With all that in mind, we can return to the anger that's greeted Israel's campaign in Gaza following October 7. Once again, there is much one can legitimately be angry about. First and foremost, the surging death toll amongst the Palestinian civilian population is heart-wrenching. And even though the Israeli military may not be "targeting" civilians per se, it does not seem to be exhibiting much more than an attitude of cavalier indifference to the lives the Palestinian civilian population. Palestinian life is barely if at all part of the military calculus; if Israel isn't going out of its way to kill as many Palestinians as possible (the death toll, horrible as it is, would look completely different if that were the case), it certainly doesn't appear to be going much out of its way to avoid killing wherever it poses even a mild obstacle to a plausible military objective. 

Beyond that, the unprecedented presence of the far-right in the Israeli government (partially but not wholly sidelined via the new "military cabinet"), some of whom can barely contain their thirst to see Palestinians expelled and/or murdered in both Gaza and the West Bank, makes certain possibilities that might previously have unthinkable into terrifyingly live possibilities. Indeed, the very brutality of the October 7 attacks makes the prospect of genuine retaliation in kind terrifyingly real -- everyone can at some level recognize how an atrocity of that magnitude generates a risk of an unstoppable cascade of recrimination. Mixing in the full scope of the October 7 attack together with an Israeli government which already was predisposed to dehumanizing Palestinians, and one has a cocktail that feels ripe for a wave of atrocities that make even the current displays feel tame in comparison.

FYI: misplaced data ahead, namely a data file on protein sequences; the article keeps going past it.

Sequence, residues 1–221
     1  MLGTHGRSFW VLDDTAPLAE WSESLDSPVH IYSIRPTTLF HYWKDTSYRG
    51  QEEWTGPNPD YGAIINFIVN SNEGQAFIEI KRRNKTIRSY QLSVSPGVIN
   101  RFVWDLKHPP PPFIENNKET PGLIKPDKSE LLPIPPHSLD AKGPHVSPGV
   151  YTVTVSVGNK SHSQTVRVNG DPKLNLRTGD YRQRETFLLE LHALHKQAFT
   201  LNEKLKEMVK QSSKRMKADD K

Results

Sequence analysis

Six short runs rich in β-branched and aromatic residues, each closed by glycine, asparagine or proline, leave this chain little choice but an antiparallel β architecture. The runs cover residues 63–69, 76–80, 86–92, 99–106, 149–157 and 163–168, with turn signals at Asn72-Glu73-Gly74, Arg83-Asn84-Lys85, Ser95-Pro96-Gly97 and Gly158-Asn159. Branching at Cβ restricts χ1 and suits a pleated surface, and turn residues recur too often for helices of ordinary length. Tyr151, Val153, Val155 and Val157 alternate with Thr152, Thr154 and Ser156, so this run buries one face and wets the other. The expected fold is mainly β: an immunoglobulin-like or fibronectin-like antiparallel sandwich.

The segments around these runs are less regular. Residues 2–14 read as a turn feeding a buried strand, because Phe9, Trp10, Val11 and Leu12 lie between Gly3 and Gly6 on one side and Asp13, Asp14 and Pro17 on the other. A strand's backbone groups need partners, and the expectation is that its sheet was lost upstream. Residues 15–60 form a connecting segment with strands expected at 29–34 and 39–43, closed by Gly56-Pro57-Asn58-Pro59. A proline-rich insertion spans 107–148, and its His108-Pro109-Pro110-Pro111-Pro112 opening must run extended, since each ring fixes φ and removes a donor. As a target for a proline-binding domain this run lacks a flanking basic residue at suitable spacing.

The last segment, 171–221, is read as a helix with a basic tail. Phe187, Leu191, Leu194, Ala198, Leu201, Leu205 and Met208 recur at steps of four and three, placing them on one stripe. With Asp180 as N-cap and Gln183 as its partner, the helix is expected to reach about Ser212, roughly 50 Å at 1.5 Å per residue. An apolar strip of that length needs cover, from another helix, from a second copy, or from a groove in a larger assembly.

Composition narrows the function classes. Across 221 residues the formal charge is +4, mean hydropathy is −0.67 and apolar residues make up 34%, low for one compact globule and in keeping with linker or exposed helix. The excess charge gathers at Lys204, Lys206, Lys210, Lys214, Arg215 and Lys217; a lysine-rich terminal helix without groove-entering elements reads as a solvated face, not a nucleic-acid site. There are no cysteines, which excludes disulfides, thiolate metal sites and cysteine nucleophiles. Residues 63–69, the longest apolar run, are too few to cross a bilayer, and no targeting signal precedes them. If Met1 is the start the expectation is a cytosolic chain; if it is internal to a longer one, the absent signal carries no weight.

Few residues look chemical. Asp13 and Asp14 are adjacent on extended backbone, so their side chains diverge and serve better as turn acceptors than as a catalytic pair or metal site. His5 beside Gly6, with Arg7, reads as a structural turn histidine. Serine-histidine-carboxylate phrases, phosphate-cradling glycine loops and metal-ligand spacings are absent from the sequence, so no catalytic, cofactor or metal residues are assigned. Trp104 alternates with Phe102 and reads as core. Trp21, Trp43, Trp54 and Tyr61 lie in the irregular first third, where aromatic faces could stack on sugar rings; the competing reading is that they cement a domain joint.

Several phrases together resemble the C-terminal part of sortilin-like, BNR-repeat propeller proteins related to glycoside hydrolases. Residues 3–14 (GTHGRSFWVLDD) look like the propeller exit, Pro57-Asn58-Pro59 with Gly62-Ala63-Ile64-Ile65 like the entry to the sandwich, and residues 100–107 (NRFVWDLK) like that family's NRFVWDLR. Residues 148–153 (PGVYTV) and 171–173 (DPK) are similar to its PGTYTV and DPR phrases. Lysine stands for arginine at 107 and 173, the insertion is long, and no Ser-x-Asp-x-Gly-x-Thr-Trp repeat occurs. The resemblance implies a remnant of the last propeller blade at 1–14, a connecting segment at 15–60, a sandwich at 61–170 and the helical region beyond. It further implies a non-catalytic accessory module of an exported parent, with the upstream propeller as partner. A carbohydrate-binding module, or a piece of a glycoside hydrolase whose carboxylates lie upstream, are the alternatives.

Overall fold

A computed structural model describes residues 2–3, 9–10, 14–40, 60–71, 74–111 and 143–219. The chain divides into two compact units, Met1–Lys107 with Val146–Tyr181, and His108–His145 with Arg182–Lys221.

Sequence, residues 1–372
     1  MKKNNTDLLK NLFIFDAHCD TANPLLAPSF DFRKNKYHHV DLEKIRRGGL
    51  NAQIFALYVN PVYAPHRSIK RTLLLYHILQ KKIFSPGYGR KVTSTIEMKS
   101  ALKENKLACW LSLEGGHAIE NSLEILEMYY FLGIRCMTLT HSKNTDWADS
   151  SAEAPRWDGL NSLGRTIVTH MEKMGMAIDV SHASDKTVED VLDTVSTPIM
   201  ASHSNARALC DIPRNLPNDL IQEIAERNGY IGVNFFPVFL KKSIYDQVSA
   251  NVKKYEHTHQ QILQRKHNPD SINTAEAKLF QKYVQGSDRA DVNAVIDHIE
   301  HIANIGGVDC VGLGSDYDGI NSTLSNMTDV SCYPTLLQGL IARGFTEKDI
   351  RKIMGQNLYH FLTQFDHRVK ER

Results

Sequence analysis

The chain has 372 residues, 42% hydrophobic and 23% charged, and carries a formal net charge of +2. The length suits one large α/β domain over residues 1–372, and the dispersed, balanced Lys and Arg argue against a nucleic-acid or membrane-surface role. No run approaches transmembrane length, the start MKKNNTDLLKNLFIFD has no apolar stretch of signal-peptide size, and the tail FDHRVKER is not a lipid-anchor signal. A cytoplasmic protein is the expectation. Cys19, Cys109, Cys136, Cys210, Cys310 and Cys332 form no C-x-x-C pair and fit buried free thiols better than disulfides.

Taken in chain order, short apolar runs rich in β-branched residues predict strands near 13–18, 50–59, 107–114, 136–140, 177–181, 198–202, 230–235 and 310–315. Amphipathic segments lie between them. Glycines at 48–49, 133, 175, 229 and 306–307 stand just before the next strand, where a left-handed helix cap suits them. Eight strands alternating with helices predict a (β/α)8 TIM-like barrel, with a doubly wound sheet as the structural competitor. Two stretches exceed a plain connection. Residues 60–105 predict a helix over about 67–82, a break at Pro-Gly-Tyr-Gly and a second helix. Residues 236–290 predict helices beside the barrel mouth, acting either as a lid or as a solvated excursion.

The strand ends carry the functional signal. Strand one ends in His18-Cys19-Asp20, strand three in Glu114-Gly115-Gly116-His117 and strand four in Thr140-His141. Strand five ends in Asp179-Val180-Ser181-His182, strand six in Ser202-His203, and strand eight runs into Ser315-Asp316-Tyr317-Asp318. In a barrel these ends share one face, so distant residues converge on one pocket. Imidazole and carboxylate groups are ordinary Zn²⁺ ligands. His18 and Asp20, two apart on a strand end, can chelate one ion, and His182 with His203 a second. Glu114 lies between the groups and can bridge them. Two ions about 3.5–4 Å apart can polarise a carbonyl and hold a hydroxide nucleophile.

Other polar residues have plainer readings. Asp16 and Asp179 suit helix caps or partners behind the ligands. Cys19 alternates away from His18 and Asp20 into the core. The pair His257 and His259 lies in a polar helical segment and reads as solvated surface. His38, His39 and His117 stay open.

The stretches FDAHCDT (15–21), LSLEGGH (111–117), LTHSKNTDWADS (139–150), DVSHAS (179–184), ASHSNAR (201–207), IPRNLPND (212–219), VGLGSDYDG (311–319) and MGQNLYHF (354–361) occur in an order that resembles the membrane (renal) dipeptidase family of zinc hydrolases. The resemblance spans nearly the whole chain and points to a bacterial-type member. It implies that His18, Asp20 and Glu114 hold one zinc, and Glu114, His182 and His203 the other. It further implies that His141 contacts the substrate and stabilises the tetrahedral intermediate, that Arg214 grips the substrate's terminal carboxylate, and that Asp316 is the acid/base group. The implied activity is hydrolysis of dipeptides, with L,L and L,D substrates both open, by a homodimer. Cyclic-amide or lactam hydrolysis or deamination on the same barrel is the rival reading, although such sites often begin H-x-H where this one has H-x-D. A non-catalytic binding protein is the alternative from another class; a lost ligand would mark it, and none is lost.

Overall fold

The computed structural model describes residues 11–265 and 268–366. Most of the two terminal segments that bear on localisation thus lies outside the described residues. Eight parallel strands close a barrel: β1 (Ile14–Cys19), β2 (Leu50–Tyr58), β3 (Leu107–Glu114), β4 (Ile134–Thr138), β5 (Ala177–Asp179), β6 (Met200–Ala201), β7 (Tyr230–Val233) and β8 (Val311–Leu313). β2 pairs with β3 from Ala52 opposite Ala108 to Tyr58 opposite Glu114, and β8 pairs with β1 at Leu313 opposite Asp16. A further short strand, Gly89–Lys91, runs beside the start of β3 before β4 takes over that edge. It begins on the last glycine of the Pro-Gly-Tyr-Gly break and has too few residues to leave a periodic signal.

None of that should be discounted. They are real and valid bases for anger (and fear, and a host of other emotions). But much as I said about Jewish anger in 2019, I will also assert that part -- part -- of the story is a bit of displacement. The attacks on October 7 made some arguments that, at least to pro-Palestinian activists, had seemed outlandish now plausible. Positions or narratives that previously could be easily dismissed as propaganda or apologias were shown in the most gruesome fashion imaginable to have more than a grain of truth behind them. And for persons whose personal identities were deeply bound up in denying the plausibility of such positions and narratives, the cold shock of October 7 represents a bona fide crisis.

Even while October 7 was still happening, I observed a tranche of commentators whose main reaction was "annoyance" that events were forcing them to empathize with Israelis. These weren't, to be clear, people who were celebrating or even justifying Hamas' massacres. They recognized the atrocities for what they were. But nonetheless, they clearly found it ... unpleasant ... to do so. These were people who treated Hamas like roguish committee of resistance fighters whose rhetoric sometimes maybe was a bit too florid for normie ears but were ultimately fighting for Palestinian liberation, who viewed PIJ rockets as glorified sparklers, who had long rolled their eyes at the notion that Israel and its powerful army could ever have true security interests vis-a-vis the Gaza Strip, who were confident that any contention of significant antisemitism amongst Palestine solidarity activists was the desperate defamation of Hasbarist shills trying to silence any and all forms of pro-Palestinian political advocacy.